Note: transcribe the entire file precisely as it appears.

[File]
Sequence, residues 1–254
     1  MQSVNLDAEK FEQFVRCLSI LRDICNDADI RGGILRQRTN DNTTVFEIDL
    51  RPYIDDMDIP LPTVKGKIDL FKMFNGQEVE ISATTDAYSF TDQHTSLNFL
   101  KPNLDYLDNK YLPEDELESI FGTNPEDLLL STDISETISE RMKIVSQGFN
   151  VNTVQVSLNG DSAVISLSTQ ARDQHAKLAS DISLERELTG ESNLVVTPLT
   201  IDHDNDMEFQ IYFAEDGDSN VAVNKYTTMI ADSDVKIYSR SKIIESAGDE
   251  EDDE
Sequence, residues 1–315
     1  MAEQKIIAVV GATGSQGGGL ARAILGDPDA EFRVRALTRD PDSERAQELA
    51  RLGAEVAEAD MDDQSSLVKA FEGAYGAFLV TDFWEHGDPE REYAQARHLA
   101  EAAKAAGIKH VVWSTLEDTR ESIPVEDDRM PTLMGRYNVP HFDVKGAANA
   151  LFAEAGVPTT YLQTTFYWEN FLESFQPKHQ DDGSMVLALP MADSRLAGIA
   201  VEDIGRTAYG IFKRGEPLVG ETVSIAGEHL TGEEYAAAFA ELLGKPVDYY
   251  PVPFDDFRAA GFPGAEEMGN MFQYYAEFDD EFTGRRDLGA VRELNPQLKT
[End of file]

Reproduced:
Sequence, residues 1–254
     1  MQSVNLDAEK FEQFVRCLSI LRDICNDADI RGGILRQRTN DNTTVFEIDL
    51  RPYIDDMDIP LPTVKGKIDL FKMFNGQEVE ISATTDAYSF TDQHTSLNFL
   101  KPNLDYLDNK YLPEDELESI FGTNPEDLLL STDISETISE RMKIVSQGFN
   151  VNTVQVSLNG DSAVISLSTQ ARDQHAKLAS DISLERELTG ESNLVVTPLT
   201  IDHDNDMEFQ IYFAEDGDSN VAVNKYTTMI ADSDVKIYSR SKIIESAGDE
   251  EDDE
Sequence, residues 1–315
     1  MAEQKIIAVV GATGSQGGGL ARAILGDPDA EFRVRALTRD PDSERAQELA
    51  RLGAEVAEAD MDDQSSLVKA FEGAYGAFLV TDFWEHGDPE REYAQARHLA
   101  EAAKAAGIKH VVWSTLEDTR ESIPVEDDRM PTLMGRYNVP HFDVKGAANA
   151  LFAEAGVPTT YLQTTFYWEN FLESFQPKHQ DDGSMVLALP MADSRLAGIA
   201  VEDIGRTAYG IFKRGEPLVG ETVSIAGEHL TGEEYAAAFA ELLGKPVDYY
   251  PVPFDDFRAA GFPGAEEMGN MFQYYAEFDD EFTGRRDLGA VRELNPQLKT